Why has HMRC hypocritically let tax avoidance adviser David Heaton resign?

A wolf in wolf's clothing?

David Heaton resigned as an adviser to HMRC on tax avoidance last week after it emerged that he was a wolf in sheep’s clothing – despite having been hired precisely because he was a wolf.

Speaking two months ago at a conference in London, for which tickets cost up to £1,000, Heaton had advised employers on how to avoid tax on bonuses by exploiting maternity pay, so tax paid was 8.4 per cent compared to the initial 41.8 per cent.

When the scandal broke and his former role was revealed by a BBC/Private Eye investigation, the Treasury welcomed his resignation. Ministers and Treasury spokespeople have put across how shocked – shocked! – they are that someone they retained for his knowledge of tax avoidance turned out to have been advocating, um, tax avoidance.

Now, it is not necessarily right that businesses try to avoid tax, but they do. Hundreds of highly-paid individuals are employed by companies to keep profits from the taxman. They are internally lauded for this, as you would expect.

But it is exactly these people the government should be using to fight back against such inexcusable abuses of the tax system. Forcing them out following shameful revelations highlights a margin of morals but doesn’t balance the books.

Perhaps worst of all, a company Heaton has worked for gives seminars entitled "50 Shades of Tax", aimed at "anyone who loves tax, and anyone who doesn't but still pays it!" There is something tragic in the comedy. Not only do people avoid tax with base swindling schemes but people make money in advising others to do so.

Perhaps the Treasury should take note and see crushing tax avoidance as business: invest in advisers, secure profit, reinvest. They can start by getting poachers such as David Heaton to repay their social debts by turning gamekeeper.

Read more by Alex Matchett

This piece first appeared on Spear's Magazine.

Photograph: Getty Images

This is a story from the team at Spears magazine.

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Amber Rudd's report on the benefits of EU immigration is better late than never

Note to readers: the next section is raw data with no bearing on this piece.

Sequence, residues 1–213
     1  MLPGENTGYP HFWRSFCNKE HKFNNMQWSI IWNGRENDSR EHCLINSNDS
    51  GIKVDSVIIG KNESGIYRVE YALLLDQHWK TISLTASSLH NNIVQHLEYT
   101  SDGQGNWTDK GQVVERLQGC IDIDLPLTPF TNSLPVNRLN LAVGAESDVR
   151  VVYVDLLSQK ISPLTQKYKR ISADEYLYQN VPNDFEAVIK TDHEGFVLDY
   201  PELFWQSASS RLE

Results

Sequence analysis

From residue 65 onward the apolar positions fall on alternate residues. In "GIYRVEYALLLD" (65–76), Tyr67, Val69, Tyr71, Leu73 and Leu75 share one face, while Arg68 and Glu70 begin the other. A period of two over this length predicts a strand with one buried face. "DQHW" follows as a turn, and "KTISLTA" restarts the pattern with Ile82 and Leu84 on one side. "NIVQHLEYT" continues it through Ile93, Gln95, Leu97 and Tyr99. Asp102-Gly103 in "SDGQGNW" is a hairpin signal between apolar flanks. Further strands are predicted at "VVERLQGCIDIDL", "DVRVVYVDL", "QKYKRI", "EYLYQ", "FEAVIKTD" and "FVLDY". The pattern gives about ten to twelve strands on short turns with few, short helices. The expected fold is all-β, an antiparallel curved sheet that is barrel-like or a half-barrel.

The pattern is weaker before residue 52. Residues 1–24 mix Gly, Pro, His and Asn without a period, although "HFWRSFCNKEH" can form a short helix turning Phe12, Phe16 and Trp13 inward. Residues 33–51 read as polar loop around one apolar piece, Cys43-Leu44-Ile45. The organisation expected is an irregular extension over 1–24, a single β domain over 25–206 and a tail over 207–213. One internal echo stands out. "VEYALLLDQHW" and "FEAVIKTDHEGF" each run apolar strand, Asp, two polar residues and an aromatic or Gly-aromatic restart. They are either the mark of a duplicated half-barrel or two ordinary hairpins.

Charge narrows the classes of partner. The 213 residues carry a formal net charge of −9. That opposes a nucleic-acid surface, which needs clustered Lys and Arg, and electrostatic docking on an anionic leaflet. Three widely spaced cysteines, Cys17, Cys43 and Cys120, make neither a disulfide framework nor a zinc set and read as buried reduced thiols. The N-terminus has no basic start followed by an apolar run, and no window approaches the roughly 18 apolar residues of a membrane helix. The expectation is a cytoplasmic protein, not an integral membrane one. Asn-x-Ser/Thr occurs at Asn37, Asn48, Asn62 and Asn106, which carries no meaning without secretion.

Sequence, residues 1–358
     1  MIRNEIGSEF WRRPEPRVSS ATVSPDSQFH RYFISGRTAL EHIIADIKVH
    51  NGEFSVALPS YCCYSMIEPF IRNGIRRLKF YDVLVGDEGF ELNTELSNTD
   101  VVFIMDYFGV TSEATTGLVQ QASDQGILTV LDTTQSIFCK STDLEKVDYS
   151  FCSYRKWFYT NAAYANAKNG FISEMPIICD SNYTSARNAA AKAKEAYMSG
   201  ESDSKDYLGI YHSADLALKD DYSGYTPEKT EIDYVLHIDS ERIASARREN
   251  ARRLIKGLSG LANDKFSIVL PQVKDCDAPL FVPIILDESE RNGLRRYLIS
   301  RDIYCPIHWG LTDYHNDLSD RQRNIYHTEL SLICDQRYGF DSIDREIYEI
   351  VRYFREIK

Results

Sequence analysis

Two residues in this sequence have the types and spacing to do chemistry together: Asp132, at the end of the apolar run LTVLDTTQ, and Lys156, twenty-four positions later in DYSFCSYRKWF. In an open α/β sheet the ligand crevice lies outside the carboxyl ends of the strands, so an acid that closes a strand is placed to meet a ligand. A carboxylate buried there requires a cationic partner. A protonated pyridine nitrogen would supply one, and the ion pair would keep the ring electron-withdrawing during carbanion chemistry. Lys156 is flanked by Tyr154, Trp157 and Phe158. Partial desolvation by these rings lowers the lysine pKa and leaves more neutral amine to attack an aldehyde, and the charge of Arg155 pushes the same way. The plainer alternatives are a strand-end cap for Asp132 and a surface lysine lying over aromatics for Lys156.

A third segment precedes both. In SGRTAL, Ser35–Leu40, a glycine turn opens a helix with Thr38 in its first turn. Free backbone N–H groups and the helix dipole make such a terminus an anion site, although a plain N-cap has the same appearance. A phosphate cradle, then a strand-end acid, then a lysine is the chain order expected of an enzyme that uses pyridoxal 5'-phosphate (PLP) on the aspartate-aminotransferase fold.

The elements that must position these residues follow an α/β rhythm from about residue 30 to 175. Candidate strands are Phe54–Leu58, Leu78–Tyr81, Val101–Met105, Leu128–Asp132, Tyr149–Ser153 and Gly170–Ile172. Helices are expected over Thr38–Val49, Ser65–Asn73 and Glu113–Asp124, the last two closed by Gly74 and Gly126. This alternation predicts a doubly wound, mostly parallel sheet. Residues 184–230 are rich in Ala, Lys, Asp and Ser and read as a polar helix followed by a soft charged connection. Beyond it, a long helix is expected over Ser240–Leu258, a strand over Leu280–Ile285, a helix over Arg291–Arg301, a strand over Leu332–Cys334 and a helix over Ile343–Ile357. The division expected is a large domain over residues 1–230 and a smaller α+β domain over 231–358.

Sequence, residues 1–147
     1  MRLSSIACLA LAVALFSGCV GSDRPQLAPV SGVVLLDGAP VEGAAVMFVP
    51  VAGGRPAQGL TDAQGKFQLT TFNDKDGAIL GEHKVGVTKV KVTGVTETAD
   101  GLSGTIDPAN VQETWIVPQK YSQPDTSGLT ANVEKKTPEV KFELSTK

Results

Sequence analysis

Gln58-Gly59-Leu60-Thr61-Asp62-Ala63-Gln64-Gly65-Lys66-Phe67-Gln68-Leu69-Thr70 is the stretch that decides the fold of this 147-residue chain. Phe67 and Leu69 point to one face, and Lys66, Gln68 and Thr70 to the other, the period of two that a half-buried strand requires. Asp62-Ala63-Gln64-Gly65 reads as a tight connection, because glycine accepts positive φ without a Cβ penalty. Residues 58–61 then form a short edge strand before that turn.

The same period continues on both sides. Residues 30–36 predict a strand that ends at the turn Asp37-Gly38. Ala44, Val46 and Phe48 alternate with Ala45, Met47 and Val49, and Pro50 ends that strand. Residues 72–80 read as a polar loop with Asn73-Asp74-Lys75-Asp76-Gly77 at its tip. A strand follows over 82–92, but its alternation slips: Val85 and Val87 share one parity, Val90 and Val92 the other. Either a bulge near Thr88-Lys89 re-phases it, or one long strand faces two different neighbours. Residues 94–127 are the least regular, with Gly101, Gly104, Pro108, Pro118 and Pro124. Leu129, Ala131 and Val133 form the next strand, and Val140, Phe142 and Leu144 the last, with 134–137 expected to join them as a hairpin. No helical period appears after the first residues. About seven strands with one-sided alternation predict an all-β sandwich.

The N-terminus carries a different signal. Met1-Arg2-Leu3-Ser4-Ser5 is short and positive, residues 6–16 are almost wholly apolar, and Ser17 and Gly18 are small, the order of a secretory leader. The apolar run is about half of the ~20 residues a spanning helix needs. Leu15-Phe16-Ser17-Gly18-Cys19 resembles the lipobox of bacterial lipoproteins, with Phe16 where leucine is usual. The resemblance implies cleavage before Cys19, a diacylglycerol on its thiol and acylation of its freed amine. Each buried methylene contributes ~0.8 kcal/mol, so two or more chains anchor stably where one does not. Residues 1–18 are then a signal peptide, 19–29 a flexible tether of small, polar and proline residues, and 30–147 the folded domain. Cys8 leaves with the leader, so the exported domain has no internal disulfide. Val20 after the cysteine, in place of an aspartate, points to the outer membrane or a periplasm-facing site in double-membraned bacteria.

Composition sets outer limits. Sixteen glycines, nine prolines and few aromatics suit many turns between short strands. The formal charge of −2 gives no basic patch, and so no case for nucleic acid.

The study will strengthen the case for a liberal post-Brexit immigration system. 

More than a year after vowing to restrict EU immigration, the government has belatedly decided to investigate whether that's a good idea. Home Secretary Amber Rudd has asked the independent Migration Advisory Committee to report on the costs and benefits of free movement to the British economy.

The study won't conclude until September 2018 - just six months before the current Brexit deadline and after the publication of the government's immigration white paper. But in this instance, late is better than never. If the report reflects previous studies it will show that EU migration has been an unambiguous economic benefit. Immigrants pay far more in tax than they claim in benefits and sectors such as agriculture, retail and social care depend on a steady flow of newcomers. 

Amber Rudd has today promised businesses and EU nationals that there will be no "cliff edge" when the UK leaves the EU, while immigration minister Brandon Lewis has seemingly contradicted her by baldly stating: "freedom of movement ends in the spring of 2019". The difference, it appears, is explained by whether one is referring to "Free Movement" (the official right Britain enjoys as an EU member) or merely "free movement" (allowing EU migrants to enter the newly sovereign UK). 

More important than such semantics is whether Britain's future immigration system is liberal or protectionist. In recent months, cabinet ministers have been forced to acknowledge an inconvenient truth: Britain needs immigrants. Those who boasted during the referendum of their desire to reduce the number of newcomers have been forced to qualify their remarks. Brexit Secretary David Davis, for instance, recently conceded that immigration woud not invariably fall after the UK leaves the EU. "I cannot imagine that the policy will be anything other than that which is in the national interest, which means that from time to time we’ll need more, from time to time we’ll need less migrants." 

In this regard, it's striking that Brandon Lewis could not promise that the "tens of thousands" net migration target would be met by the end of this parliament (2022) and that Rudd's FT article didn't even reference it. As George Osborne helpfully observed earlier this year, no senior cabinet minister (including Rudd) supports the policy. When May departs, whether this year or in 2019, she will likely take the net migration target with her. 

In the meantime, even before the end of free movement, net migration has already fallen to its lowest level since 2014 (248,000), while EU citizens are emigrating at the fastest rate for six years (117,000 left in 2016). The pound’s depreciation (which makes British wages less competitive), the spectre of Brexit and a rise in hate crimes and xenophobia are among the main deterrents. If the report does its job, it will show why the UK can't afford for that trend to continue. 

George Eaton is political editor of the New Statesman.